Higher education has faced a wide array of challenges, even more so on the tail of COVID-19, where institutions across the board have seen enrollment rates drastically decline. As K-12 schools have reopened and shifted the way they conduct classes, colleges and universities must also adapt to the new normal left in the wake of the pandemic.
We’ll take a dive into some of the common challenges your college or university may be facing and address how you can solve these issues when they arise.
The COVID-19 pandemic saw a huge shift in the teaching platform. Globally, over 1.2 billion children ended up out of the classroom while the pandemic ran its course. Even as we are continuing in and out of various waves, we are still seeing the aftershocks of how this affects college and university students. According to a global study done by Hanover Research, 70% of school faculty said more students are falling behind on their studies than ever before.
With so many students still out of the classroom and schools continuing to offer alternatives to traditional, in-person learning, all eyes are turning toward the use of technology.
While technology may have been a challenge to adapt at first, utilizing the flexibility that online classes provide to students is highly beneficial. Just as you know there is more than one way to teach, there is more than one way to learn. Still, this does not mean that students should be talked at.
Instead, you as an educator should leverage technology to create immersive experiences that engage students the same way classroom experiences would. This can also open the doors to more one-on-one interaction between students and educators, as the technology works best when paired with interactive content and opportunities for connection between students and faculty.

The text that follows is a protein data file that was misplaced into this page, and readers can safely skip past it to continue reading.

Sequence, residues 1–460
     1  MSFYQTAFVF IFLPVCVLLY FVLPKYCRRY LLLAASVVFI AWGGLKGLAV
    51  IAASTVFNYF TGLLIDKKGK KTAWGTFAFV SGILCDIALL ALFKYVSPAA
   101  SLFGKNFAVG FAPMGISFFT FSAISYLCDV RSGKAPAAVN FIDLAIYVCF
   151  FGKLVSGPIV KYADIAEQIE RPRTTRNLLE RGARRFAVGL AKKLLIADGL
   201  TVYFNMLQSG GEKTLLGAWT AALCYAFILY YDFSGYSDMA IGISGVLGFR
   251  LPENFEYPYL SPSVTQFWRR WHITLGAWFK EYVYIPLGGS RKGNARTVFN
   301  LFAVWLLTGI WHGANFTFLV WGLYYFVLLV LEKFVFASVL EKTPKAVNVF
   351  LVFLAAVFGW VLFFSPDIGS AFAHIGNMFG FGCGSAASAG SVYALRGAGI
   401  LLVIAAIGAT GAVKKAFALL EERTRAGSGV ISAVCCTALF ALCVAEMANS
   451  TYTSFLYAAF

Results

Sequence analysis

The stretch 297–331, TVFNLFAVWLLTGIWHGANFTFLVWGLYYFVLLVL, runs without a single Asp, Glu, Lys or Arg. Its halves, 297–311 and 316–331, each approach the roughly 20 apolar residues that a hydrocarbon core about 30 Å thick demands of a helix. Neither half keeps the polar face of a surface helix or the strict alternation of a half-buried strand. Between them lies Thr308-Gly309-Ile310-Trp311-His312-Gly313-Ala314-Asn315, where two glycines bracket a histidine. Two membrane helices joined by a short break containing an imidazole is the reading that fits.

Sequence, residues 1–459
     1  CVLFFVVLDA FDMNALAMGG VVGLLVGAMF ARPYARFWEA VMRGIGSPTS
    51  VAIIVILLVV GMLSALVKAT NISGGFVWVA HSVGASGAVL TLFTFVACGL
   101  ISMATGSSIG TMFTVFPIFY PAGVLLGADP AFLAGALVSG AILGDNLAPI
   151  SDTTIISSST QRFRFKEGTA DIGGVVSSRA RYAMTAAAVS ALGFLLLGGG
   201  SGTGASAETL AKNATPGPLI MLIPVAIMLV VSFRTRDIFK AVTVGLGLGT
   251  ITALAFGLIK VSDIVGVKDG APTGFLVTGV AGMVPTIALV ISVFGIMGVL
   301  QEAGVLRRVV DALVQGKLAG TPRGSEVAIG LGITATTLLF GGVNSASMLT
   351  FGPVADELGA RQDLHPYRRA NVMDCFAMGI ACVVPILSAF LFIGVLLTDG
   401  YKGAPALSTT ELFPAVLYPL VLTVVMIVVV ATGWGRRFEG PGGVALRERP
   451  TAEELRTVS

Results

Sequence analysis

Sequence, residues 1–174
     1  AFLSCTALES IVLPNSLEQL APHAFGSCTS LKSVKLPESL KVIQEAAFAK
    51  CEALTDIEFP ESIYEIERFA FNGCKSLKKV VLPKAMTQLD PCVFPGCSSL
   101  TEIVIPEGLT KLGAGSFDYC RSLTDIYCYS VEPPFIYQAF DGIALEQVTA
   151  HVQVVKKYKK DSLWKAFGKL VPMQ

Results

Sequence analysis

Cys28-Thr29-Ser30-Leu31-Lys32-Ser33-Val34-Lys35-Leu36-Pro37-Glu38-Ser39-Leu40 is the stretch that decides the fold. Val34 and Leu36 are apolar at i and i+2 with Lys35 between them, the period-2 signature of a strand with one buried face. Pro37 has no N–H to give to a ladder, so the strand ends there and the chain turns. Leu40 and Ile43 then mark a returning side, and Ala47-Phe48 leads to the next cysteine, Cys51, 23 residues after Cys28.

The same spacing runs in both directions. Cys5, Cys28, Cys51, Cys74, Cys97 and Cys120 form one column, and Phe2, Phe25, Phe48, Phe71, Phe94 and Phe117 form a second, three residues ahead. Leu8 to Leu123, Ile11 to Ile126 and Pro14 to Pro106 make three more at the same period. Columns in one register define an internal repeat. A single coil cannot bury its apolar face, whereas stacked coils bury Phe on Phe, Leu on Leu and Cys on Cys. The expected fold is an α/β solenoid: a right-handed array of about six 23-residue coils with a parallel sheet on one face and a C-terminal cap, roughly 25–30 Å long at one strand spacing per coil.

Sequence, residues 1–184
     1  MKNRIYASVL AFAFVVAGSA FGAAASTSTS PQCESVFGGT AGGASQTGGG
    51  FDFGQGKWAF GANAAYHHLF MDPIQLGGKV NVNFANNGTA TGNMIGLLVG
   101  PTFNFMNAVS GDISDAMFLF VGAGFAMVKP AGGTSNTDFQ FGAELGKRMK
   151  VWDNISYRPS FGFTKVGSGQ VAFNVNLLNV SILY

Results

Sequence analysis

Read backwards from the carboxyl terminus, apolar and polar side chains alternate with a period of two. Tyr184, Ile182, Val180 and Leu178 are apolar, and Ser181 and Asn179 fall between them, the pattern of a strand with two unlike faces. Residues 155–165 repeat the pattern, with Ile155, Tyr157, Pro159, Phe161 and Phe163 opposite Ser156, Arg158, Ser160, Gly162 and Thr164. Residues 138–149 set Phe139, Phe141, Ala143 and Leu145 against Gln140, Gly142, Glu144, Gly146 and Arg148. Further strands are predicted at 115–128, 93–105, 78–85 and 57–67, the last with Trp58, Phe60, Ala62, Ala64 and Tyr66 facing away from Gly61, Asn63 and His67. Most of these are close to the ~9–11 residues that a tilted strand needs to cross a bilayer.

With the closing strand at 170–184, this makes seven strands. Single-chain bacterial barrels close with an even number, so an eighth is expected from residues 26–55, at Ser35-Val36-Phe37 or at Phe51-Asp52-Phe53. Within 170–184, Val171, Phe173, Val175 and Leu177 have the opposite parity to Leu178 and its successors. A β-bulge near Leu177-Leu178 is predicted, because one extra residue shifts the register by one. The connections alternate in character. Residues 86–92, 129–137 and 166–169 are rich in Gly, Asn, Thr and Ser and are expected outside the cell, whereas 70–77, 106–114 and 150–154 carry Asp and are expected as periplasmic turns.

Having The Right Reporting Tools
If schools plan to continue offering digital courses, they need technology that enables them to properly host classes, store student data, and monitor reports. Without having the right reporting tools, meeting your students’ needs and providing the proper tools for them to succeed can be difficult.
Your digital learning platform should:
- Track student engagement both in and out of class
- Tailor testing material to student needs
- Provide personalized learning reports based on student needs
Most of all, your technology should benefit your teachers. Your platforms should include robust reporting tools that allow teachers to store and monitor student data. From there, teachers can adjust their learning plans based on new insights about their students’ performance, engagement, and more.
Accessibility to State Funding
State budget cuts are likely to continue due to the pandemic and are certain to trickle into public colleges and universities. Federal funding for public schools dropped slightly, despite at least $13 billion provided for elementary and secondary schools in the 2020 CARES Act. However, this does not include any of the COVID relief packages Congress passed in December of 2020 and March of 2021.
In this time of tight budgeting, it’s important to stay up to date on your state’s funding plans and what unique programs may be available to your college or university. Nearly all states are working to keep their students excited about safely going back to school and their teachers’ workforces strong.
The best thing you can do when approached with a challenge to your higher education learning platform is to do your research. It’s likely that when faced with an issue of technology or teachability, you are not facing this alone. Key technology innovation is the future of higher education, providing accurate assessment to evolve with your students.